She showed me how certain cabinetry features function and I decided what made the most sense for our kitchen based on how we use it. I ended up with a mixer lift, two corner cabinet pull-outs, a tiered cutlery organizer (pictured below), hidden knife storage, a wine rack, pull-out trash bins, floating shelves, a spice rack, a large pantry, and all sorts of handy things that have me very excited! I’ll definitely give you a functionality tour once the kitchen is installed.
I loved that it was a collaborative effort and she was able to help me see things I hadn’t necessarily planned on. Honestly, I went into the store with a “this is MY project to design” attitude, but was proved wrong when she clearly knew what she was doing. If there’s one thing I learned in design school- it’s two creative brains are better than one and Samantha proved that theory to be true.
From there, I left Samantha with a couple design dilemmas (the range hood had me stumped) and gave her room to tweak the plan as needed, then we scheduled to meet again. In our next meeting, I was blown away with the new ideas she added and GORGEOUS renderings she provided. Seriously- I couldn’t even create a 3-D model of that caliber, if I tried. You can have a little spoiler below on her computer screen. I selected my favorites, we finalized the plan, the dimensions, and triple checked everything. You can have the kitchen installed by Lowe’s, but of course- Emmett and I decided to do it ourselves (this isn’t our first rodeo). Therefore, we’ll save a lot of money on labor and installation.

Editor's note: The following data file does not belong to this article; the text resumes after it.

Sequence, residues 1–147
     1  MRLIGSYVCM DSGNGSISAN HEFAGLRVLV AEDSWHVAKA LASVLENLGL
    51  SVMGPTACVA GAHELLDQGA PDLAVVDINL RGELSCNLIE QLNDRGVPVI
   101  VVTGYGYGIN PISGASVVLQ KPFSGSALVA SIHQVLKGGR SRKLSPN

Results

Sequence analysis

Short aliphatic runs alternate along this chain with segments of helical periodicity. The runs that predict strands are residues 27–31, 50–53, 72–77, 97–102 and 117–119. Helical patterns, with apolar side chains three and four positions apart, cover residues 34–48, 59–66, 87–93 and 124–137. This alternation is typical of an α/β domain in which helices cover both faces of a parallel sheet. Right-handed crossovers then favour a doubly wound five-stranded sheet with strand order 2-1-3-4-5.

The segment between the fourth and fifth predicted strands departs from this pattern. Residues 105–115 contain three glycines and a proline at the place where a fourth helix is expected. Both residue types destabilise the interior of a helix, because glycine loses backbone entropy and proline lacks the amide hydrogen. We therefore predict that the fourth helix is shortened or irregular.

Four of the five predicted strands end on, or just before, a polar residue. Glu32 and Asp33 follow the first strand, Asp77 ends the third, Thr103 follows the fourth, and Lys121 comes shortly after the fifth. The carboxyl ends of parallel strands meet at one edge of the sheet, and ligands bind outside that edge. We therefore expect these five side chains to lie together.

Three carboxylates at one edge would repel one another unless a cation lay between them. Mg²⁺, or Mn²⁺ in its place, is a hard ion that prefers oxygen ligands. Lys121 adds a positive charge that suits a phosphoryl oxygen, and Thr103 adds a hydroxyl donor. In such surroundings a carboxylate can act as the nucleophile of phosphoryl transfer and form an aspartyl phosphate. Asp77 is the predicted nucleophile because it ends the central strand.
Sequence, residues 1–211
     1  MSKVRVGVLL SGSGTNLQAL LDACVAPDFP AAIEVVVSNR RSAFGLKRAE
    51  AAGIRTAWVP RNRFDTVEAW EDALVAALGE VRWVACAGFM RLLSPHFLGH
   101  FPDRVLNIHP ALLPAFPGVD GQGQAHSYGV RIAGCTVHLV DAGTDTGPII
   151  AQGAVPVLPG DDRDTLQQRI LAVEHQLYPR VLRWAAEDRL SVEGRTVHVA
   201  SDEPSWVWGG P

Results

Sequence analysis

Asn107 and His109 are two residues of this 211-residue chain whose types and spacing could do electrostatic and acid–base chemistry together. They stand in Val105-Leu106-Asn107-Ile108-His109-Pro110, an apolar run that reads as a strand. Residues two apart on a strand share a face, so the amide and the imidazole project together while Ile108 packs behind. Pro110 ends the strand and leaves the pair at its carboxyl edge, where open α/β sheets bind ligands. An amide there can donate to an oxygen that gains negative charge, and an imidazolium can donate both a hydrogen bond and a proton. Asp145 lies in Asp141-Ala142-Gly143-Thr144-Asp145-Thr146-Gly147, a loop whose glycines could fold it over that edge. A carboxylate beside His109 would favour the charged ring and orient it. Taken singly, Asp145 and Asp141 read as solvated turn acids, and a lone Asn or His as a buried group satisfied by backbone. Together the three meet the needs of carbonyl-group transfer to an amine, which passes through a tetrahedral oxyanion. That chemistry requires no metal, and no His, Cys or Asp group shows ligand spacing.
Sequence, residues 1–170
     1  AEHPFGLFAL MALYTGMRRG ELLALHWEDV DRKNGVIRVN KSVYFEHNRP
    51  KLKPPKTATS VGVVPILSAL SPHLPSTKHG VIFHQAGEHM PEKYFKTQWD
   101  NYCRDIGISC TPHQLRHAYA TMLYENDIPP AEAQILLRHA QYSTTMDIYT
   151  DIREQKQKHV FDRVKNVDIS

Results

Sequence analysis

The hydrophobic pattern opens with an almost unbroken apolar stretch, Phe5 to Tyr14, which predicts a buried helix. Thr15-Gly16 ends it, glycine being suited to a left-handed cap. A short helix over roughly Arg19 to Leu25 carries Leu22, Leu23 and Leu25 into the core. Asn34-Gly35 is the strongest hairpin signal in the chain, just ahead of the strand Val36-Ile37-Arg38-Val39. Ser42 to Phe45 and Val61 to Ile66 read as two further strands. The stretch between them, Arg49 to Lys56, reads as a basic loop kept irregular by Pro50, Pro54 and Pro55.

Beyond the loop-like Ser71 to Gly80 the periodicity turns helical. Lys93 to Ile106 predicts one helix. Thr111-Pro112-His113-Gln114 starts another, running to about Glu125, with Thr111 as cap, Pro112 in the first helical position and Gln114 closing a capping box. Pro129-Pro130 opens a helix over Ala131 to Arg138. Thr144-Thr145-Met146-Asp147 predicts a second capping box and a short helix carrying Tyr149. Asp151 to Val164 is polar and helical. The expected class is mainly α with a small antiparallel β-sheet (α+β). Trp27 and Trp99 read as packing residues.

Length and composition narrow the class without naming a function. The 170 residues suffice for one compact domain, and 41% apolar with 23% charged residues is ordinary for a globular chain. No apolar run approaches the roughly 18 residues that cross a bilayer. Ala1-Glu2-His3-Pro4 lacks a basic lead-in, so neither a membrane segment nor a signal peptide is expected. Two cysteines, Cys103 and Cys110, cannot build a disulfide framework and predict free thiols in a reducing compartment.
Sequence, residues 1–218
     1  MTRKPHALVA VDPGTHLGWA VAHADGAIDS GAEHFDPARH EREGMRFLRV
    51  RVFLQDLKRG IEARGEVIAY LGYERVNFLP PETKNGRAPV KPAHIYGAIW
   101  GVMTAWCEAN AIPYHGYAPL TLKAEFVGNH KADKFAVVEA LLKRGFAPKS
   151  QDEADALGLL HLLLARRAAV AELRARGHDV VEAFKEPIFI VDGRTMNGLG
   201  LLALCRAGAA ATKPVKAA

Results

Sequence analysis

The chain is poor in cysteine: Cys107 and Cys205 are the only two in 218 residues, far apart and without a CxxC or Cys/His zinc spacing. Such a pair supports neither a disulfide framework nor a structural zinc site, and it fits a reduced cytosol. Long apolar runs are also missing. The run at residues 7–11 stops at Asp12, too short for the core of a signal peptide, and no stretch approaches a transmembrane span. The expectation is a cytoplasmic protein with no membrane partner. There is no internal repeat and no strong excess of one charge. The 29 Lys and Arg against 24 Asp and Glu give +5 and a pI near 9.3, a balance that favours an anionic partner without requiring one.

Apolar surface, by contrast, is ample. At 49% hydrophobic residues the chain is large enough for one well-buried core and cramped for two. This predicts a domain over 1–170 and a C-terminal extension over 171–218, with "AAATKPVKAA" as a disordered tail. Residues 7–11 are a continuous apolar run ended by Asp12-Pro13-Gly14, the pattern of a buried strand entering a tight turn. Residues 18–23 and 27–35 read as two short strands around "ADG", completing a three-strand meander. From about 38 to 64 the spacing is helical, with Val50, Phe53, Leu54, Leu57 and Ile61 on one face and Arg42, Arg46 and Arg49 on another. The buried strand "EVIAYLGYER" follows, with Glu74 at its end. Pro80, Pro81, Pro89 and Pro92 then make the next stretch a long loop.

After placing the order right there at the store, Samantha followed up a couple days later with a super helpful installation packet with every instruction for installation we could ever need. Emmett reviewed it and was very impressed (and he doesn’t offer compliments easily). It was very thorough. Don’t worry- I’ll also be sharing the installation process when the time comes for cabinetry.
I have to say, this was honestly the best experience in terms of kitchen design, so I have to brag a little bit. I was lucky to have had Samantha and Rodney’s help with my space. My design plan is better because of them. They’re two of the nicest people you’ll ever meet, who are equally as talented. If you’re in Utah- go see them at the Sandy Lowe’s. They’re probably going to be embarrassed I’m posting this photo of them (I convinced them to let me take it), but I don’t care- they were wonderful.
Questions about the design or ordering process? You know I’m always happy to give honest feedback. I know lots of Lowe’s stores have these beautiful (and functional) “kitchen design centers”, and I’d highly recommend finding a store near you that does. It made the process easier, the selections were plentiful, and I can’t wait to see this kitchen come to life! We’re making progress in leaps and bounds. Things are really starting to come together. I’d love to hear your thoughts or comments below!